World Records and Whatnot

I went on an 18 mile run this past Sunday, my second in three weeks. Not for any particular reason, I was just in the mood to go far. I’m technically training for a half marathon at the moment (the Long Island Half Marathon, a tradition in my family), but I have yet to see a training plan that calls for such long runs.

It’s a nice feeling- scratch that, a terrible feeling, but nice in retrospect- when you have just a few miles to go during a long run, and your legs get that sense of heaviness just before they begin cramping, letting you know you’re approaching your physical limit. Granted, many people can go considerably further than 18 miles, and I could too at a slower pace and some training, but 18 ain’t bad. To think I once couldn’t make it a mile, that’s a hell of an accomplishment. It’s satisfying to know that I have the ability to push my limits further and further back, and that I have yet to reach my full running potential.

Now, enough about me. There’s been running in the wind. First of all, Geoffrey Mutai has crushed the world record for the marathon with a blazing time of 2:03:02. But, unfortunately, the time will not be recognized as an official world record due to the point-to point course and net elevation drop in the Boston course (Boston Globe). This can easily be argued both ways, but my stance is this: if Boston is really a hard course worthy of world-record recognition, Mutai can do it again (or close to it) on an easier course such as Berlin. Either way, winning Boston in that kind of time is a remarkable achievement that cannot be marred by any technicalities, at least in my book, and hopefully Mutai feels the same way.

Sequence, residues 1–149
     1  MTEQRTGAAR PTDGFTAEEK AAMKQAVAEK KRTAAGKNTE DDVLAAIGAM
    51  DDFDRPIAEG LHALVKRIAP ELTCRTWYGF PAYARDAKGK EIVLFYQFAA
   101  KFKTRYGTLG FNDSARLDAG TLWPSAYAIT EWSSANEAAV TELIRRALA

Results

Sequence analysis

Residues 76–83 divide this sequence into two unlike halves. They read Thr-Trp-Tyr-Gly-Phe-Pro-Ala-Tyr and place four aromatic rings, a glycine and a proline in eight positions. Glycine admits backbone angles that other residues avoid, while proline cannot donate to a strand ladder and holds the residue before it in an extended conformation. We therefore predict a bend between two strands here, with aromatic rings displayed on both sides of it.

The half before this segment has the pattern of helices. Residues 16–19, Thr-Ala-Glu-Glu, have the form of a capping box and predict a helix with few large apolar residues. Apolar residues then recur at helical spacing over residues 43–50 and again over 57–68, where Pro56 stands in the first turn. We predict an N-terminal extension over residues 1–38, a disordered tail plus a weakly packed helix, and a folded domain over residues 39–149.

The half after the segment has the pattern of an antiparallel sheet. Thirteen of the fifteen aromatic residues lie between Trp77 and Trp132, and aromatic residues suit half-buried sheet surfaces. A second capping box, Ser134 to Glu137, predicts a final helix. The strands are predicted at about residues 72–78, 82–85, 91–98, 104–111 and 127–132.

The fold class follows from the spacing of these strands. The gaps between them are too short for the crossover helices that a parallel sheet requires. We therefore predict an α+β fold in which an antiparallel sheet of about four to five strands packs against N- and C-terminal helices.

Also in the news was the race to the finish line between the Kenyan Caroline Kilel and the American Desiree Davila, which culminated in a two-second win by Kilel, one of the closest women’s races in Boston history (The New York Times). American Kara Goucher also placed fifth, in a race not long after she gave birth. In the men’s race, American Ryan Hall placed fifth in a time of 2:04:58. The Americans seem to be catching up in long distance running, at last.

All in all, this was one fast race.


Leave a Reply

Fill in your details below or click an icon to log in: Logo

You are commenting using your account. Log Out /  Change )

Google+ photo

You are commenting using your Google+ account. Log Out /  Change )

Twitter picture

You are commenting using your Twitter account. Log Out /  Change )

Facebook photo

You are commenting using your Facebook account. Log Out /  Change )


Connecting to %s